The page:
POUNDING NAILS WITH A SCREWDRIVER
By MICHAEL PERKINS
IF YOU HAD ONE OF THOSE DADS WHO PURCHASED A SET OF “DO IT YOURSELF” ENCYCLOPEDIAS in the 1950’s, hoping to become some kind of amalgam of Edison and St. Joseph The Carpenter, you no doubt encountered some sort of Page One admonition to always get “the right tool for the job”. In other words, don’t use a screwdriver to pound nails. I successfully resisted the seductive gospel of Being Handy Around The House, but then found, in photography, that the same rule applies, at least as regards lenses. Right glass, right results, right?
Of course, unless you habitually lug the accumulated wisdom of 200 years of shutterbugging and its attendant gear along with you on a daily basis, you’re likely to get into situations where the lens you have readily at hand won’t allow you to do the thing you just decided to try. It’s back at the hotel, back in the parking lot, back at Alpha Centauri, wherever. Thing is, the thing you want is here, right in front of you, leaving one simple chance. Shoot or don’t.
I recently wandered, on a weeklong practice run for a new Lensbaby Velvet 56, a manual prime lens that equates, on a full sized DSLR sensor, to about 85mm or so. Perfect for portraits, but very, very cramped for general street work. The Velvet, as its name implies, imparts a soft, gauzy layer over top of a sharp image at apertures wider than about f/5,6. From there to the upper stops, it behaves like a regular prime without the softer effect. The temptation is strong to limit its use to flattering portraits. But that vanishes, however, when you see what marvelous cushiness it confers on the hard textures you find in buildings. It creates a romantic, dreamy look for concrete, plaster, and stone, and so, since I had no other lens at the ready on this particular walkout, I decided to try a few street shots with it.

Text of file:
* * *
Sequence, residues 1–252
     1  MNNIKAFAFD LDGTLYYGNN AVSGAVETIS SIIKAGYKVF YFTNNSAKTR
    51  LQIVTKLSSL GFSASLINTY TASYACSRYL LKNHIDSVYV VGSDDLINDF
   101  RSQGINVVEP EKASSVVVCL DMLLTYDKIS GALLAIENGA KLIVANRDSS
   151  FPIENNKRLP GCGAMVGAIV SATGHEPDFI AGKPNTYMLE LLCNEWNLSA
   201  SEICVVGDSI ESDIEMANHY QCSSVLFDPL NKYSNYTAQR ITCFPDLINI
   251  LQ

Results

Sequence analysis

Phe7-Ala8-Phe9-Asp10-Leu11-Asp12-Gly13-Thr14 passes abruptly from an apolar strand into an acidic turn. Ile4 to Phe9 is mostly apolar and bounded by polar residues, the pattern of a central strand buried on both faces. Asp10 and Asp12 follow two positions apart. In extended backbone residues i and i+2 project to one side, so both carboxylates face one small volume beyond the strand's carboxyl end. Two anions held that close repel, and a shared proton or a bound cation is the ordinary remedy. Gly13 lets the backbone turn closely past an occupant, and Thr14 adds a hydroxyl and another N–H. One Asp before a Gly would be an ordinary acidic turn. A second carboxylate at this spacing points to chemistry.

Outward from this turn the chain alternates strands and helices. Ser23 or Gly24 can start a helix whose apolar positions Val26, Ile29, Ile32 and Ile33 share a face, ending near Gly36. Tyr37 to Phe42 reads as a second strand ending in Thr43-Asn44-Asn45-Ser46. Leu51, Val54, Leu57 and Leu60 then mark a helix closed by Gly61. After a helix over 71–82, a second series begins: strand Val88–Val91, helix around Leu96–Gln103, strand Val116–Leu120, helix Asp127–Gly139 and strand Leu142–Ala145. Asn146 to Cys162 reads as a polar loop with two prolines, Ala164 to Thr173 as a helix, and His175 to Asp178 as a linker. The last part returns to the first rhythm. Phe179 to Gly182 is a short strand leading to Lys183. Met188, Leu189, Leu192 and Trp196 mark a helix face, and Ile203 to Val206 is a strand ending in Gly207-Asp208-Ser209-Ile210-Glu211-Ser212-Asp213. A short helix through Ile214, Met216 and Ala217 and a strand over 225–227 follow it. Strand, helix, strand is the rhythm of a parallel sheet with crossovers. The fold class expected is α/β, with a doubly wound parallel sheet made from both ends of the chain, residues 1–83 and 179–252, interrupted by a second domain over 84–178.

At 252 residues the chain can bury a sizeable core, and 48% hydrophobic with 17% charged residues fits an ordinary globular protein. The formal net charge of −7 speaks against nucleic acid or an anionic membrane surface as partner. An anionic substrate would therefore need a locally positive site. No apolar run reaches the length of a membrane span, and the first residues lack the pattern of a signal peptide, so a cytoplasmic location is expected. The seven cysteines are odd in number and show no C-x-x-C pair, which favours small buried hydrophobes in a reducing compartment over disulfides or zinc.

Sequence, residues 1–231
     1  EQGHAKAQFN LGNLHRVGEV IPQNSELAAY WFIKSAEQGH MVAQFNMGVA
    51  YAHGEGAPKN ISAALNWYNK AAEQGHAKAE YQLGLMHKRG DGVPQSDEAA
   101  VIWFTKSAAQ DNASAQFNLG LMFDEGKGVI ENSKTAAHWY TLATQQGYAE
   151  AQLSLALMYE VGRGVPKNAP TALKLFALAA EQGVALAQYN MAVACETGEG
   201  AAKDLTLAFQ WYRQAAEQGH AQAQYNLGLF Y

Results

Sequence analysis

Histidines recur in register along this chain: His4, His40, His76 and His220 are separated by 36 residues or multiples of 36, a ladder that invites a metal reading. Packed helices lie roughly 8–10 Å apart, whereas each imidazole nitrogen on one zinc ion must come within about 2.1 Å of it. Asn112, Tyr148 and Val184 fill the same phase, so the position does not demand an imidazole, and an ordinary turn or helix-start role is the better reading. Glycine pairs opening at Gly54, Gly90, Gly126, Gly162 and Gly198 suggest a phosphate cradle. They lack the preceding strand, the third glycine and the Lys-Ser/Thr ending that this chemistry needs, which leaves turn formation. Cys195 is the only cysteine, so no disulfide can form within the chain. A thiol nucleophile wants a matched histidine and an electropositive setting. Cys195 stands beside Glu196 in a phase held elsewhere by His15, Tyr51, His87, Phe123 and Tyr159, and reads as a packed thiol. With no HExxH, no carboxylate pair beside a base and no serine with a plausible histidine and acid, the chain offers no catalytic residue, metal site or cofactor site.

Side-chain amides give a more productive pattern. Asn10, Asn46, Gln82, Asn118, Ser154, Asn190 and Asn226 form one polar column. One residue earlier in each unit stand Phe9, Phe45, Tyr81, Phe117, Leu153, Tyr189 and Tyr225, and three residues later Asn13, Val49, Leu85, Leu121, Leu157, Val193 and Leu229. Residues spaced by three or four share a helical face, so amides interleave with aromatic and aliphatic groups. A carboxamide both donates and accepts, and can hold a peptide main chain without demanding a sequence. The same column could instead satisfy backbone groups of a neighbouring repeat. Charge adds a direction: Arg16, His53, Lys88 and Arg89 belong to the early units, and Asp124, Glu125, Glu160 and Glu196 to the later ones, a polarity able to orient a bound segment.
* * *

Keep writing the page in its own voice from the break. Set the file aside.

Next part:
First problem: this thing can make a tight composition look absolutely claustrophobic. One cure is to walk way back to open up the shot; another is to try a diagonal or oblique angle to widen things out. Of course, since 85mm is treading close upon telephoto territory, the front-to-back information will be somewhat compressed; the distances which seem natural to your eye from 35 to 50 mm seem smashed in at 85. However, since we are shooting for the velvety effect with this lens, compromise is already the name of the game, so angle of composition becomes a partial fix. The feel from ten feet away, seen in the head-on top shot, seems pretty confined, whereas in the second shot, taken about twelve feet at a slight diagonal, the shot is snug but not uncomfortable.
The Velvet 56 is actually remarkably versatile, since, in addition to serving as a great portait lens and a nice landscape glass, it also macro-focuses to about 5 inches, allowing you to work more and switch out less. As always, it’s not so much what a given lens was primarily designed for but what you choose, perhaps out of desperation, to do with it.
Turns out some screwdrivers make pretty fair hammers, after all….